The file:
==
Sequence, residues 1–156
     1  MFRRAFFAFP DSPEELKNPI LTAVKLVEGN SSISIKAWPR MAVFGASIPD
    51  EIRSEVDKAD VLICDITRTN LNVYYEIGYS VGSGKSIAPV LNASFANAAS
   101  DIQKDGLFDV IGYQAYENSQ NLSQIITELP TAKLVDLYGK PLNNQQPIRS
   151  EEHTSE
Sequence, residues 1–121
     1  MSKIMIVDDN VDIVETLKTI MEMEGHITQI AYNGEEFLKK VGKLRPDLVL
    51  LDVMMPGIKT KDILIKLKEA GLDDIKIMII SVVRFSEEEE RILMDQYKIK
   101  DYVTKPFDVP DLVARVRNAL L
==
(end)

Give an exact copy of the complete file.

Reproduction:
Sequence, residues 1–156
     1  MFRRAFFAFP DSPEELKNPI LTAVKLVEGN SSISIKAWPR MAVFGASIPD
    51  EIRSEVDKAD VLICDITRTN LNVYYEIGYS VGSGKSIAPV LNASFANAAS
   101  DIQKDGLFDV IGYQAYENSQ NLSQIITELP TAKLVDLYGK PLNNQQPIRS
   151  EEHTSE
Sequence, residues 1–121
     1  MSKIMIVDDN VDIVETLKTI MEMEGHITQI AYNGEEFLKK VGKLRPDLVL
    51  LDVMMPGIKT KDILIKLKEA GLDDIKIMII SVVRFSEEEE RILMDQYKIK
   101  DYVTKPFDVP DLVARVRNAL L